Their orders have been small. Let’s map out a plan for selling them more of their needs.
Five years is too long a time to spend before I’ll get into the top ranks in your company. Count me out. Five years is not really a long time. Just think, that leaves me 30 years to serve at a high level.
Competition has all the advantage. How do you expect me to sell against them? Competition is strong, there is no denying that, but no one ever has all the advantages. Let’s put our heads together and figure out a way to beat them at their own game.
Nobody will ever want that product. In its present form, it may not be saleable, but let’s consider some modifications.
Let’s wait until a recession comes along, then buy stocks. Let’s invest now. Bet on prosperity, not depression.
I’m too young (old) for the job. Being young (old) is a distinct advantage.
It won’t work, let me prove it.
The image: Dark, gloom, disappointment, grief, failure.
It will work, let me prove it.
The image: Bright, hope, success, fun, victory.

 

I’m sure a few of these small, negative ideas you have heard (or said) at one point or another.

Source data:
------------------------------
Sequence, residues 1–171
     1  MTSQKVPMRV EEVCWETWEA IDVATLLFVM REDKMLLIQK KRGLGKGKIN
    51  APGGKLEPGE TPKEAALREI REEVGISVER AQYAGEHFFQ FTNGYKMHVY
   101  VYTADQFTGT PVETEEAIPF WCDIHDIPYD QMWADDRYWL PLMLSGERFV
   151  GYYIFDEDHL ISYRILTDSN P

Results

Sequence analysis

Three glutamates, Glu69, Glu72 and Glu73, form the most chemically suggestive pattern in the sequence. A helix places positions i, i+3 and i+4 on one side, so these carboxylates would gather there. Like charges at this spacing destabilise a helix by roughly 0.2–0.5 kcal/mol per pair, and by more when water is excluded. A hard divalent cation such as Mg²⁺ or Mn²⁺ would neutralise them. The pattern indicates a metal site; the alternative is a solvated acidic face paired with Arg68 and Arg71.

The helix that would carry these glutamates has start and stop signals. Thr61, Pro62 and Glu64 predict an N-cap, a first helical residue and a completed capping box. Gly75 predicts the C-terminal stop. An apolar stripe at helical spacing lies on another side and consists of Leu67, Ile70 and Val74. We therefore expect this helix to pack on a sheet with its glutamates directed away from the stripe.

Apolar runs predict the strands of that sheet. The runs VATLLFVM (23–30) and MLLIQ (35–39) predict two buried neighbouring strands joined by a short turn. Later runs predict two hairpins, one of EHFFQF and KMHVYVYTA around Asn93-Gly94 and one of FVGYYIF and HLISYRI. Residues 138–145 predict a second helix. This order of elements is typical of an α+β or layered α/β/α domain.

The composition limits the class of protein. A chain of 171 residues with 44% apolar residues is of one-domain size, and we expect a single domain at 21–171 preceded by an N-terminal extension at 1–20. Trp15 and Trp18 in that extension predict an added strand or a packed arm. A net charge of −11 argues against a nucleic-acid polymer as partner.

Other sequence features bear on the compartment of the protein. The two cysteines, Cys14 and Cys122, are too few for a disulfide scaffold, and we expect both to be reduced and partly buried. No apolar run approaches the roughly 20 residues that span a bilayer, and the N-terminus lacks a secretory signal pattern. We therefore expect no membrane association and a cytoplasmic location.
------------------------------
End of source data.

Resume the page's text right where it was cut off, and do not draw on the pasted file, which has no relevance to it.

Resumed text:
There are two ways to view a situation or condition. Using phrases that produce big, positive mental images allows you to “see not just what is, but what can be.”

I believe you will create big accomplishments.

August 2010

How To Manage Problems You Can’t Fix

By | 2011-04-14T01:55:47+00:00 3 August 2010|Categories: SandBlog, solve|Tags: , , , |

Problems. Challenges. Opportunities.

Whatever you call them at your company, we want them fixed. Our gut reaction is – come hell or high water – to find a solution. However, there are times when there is no fix… You’re stuck with it.

For example, your business may be experiencing a challenge with the current “economic condition” in the United States. The challenge with the downturn/recession is that as an individual business there is not a lot you can do. You have to deal with it and wait it out.

Another time when we face challenges beyond our power, is when doing SWOT analysis. You can manage the Strengths, and Weaknesses and you can exploit the Opportunities. However, the Threats are out of your control… you’re stuck with their reality.

So, what can you do?

Your options are to…